Note: Logstash 1.4.2 recommends Kibana 3.0.1.

Download Kibana to your home directory with the following command:

cd ~; curl -O https://download.elasticsearch.org/kibana/kibana/kibana-3.0.1.tar.gz

Extract Kibana archive with tar:

tar xvf kibana-3.0.1.tar.gz

Open the Kibana configuration file for editing:

vi ~/kibana-3.0.1/config.js

In the Kibana configuration file, find the line that specifies the elasticsearch server URL, and replace the port number (9200 by default) with 80:

   elasticsearch: "http://"+window.location.hostname+":80",

This is necessary because we are planning on accessing Kibana on port 80 (i.e. http://logstash\_server\_public\_ip/).

We will be using Apache to serve our Kibana installation, so let's move the files into an appropriate location. Create a directory with the following command:

sudo mkdir -p /var/www/kibana3

Now copy the Kibana files into your newly-created directory:

sudo cp -R ~/kibana-3.0.1/* /var/www/kibana3/

Before we can use the Kibana web interface, we have to install Apache. Let's do that now.

Install Apache HTTP

Use Yum to install Apache HTTP:

sudo yum -y install httpd

Because of the way that Kibana interfaces the user with Elasticsearch (the user needs to be able to access Elasticsearch directly), we need to configure Apache to proxy the port 80 requests to port 9200 (the port that Elasticsearch listens to by default). We will provide a sample VirtualHost file to start with.

Download the sample VirtualHost configuration:

cd ~; wget https://assets.digitalocean.com/articles/logstash/kibana3.conf

Open the sample configuration file for editing:

vi kibana3.conf

Find and change the highlighted values of VirtualHost and ServerName to your FQDN (or localhost if you aren't using a domain name) and root to where we installed Kibana, so they look like the following entries:

<VirtualHost FQDN:80>
  ServerName FQDN

Save and exit. Now copy it to your Apache configuration configuration:

sudo cp ~/kibana3.conf /etc/httpd/conf.d/

Then generate a login that will be used to access Kibana (substitute your own username):

sudo htpasswd -c /etc/httpd/conf.d/kibana-htpasswd user

Then enter a password and verify it. The htpasswd file just created is referenced in the Apache configuration that you recently configured.

Now start Apache to put our changes into effect:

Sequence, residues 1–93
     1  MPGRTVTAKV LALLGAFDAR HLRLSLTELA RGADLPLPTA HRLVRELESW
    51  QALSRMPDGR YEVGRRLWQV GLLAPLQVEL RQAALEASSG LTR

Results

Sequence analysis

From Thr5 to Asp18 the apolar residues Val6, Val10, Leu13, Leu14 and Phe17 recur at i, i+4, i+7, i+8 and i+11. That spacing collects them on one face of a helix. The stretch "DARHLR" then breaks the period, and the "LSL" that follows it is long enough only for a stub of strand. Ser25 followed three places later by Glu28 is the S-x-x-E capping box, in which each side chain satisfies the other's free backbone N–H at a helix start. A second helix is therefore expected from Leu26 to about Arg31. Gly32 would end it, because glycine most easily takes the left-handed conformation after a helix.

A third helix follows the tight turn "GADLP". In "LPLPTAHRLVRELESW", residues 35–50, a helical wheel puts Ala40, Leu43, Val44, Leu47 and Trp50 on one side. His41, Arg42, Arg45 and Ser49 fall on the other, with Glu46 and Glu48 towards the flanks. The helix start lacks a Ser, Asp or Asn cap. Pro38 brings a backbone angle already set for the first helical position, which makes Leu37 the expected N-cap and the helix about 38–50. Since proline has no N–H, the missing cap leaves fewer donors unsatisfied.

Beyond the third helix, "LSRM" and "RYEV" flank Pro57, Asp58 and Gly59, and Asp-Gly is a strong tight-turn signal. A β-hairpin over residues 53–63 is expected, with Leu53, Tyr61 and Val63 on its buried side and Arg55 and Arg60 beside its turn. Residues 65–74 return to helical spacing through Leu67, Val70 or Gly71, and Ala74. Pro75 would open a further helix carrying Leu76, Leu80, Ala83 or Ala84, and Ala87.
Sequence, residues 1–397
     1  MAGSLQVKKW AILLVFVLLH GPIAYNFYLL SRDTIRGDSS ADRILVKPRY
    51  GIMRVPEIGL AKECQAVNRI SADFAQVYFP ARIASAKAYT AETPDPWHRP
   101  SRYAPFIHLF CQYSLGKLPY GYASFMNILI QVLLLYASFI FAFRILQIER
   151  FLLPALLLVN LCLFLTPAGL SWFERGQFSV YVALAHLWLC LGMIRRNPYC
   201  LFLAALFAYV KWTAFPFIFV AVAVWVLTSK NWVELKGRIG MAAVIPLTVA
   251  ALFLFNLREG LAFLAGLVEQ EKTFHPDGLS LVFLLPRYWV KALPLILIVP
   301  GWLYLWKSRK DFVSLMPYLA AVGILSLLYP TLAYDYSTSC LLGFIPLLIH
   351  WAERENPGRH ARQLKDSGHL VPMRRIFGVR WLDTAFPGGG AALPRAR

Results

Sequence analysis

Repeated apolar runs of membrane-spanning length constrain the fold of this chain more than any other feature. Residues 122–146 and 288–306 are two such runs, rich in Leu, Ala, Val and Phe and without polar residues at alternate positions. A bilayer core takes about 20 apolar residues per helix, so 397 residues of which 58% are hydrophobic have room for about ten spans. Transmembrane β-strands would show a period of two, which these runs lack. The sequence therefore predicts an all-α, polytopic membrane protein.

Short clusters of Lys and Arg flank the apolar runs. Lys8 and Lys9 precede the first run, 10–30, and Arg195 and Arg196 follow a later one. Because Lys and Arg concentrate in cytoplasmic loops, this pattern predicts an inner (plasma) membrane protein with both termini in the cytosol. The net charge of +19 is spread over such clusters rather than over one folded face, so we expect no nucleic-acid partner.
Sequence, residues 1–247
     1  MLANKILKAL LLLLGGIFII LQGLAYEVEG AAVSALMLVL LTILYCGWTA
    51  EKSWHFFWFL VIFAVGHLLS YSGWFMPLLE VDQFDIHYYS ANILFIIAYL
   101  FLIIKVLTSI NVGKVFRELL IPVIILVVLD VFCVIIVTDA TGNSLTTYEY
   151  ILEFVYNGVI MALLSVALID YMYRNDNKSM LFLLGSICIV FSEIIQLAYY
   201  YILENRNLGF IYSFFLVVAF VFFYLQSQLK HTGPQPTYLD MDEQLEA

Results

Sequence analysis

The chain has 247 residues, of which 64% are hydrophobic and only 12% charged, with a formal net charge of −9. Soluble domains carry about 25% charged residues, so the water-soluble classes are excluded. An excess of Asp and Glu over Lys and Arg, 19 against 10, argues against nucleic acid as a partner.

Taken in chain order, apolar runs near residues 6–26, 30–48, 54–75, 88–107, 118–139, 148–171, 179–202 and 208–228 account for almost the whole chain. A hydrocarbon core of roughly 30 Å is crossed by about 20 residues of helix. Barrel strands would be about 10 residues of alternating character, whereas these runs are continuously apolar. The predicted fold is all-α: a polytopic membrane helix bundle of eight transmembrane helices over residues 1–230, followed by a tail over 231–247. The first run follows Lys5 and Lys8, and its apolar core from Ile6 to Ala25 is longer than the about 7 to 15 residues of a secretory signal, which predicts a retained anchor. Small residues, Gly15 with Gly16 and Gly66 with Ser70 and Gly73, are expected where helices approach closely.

sudo systemctl start httpd.service

Also, configure Apache to start on boot:

sudo systemctl enable httpd.service

Kibana is now accessible via your FQDN or the public IP address of your Logstash Server i.e. http://logstash\_server\_public\_ip/. If you go there in a web browser, you should see a Kibana welcome page which will allow you to view dashboards but there will be no logs to view because Logstash has not been set up yet. Let's do that now.

Install Logstash

The Logstash package shares the same GPG Key as Elasticsearch, and we already installed that public key, so let's create and edit a new Yum repository file for Logstash:

sudo vi /etc/yum.repos.d/logstash.repo

Add the following repository configuration:

name=logstash repository for 1.4.x packages

Save and exit.

Install Logstash 1.4.2 with this command:

sudo yum -y install logstash-1.4.2

Logstash is installed but it is not configured yet.

Generate SSL Certificates

Since we are going to use Logstash Forwarder to ship logs from our Servers to our Logstash Server, we need to create an SSL certificate and key pair. The certificate is used by the Logstash Forwarder to verify the identity of Logstash Server.

Now you have two options for generating your SSL certificates. If you have a DNS setup that will allow your client servers to resolve the IP address of the Logstash Server, use Option 2. Otherwise, Option 1 will allow you to use IP addresses.

Option 1: IP Address

If you don't have a DNS setup—that would allow your servers, that you will gather logs from, to resolve the IP address of your Logstash Server—you will have to add your Logstash Server's private IP address to the subjectAltName (SAN) field of the SSL certificate that we are about to generate. To do so, open the OpenSSL configuration file:

sudo vi /etc/pki/tls/openssl.cnf

Find the [ v3_ca ] section in the file, and add this line under it (substituting in the Logstash Server's private IP address):

subjectAltName = IP: logstash_server_private_ip

Save and exit.

Now generate the SSL certificate and private key in the appropriate locations (/etc/pki/tls/), with the following commands:

cd /etc/pki/tls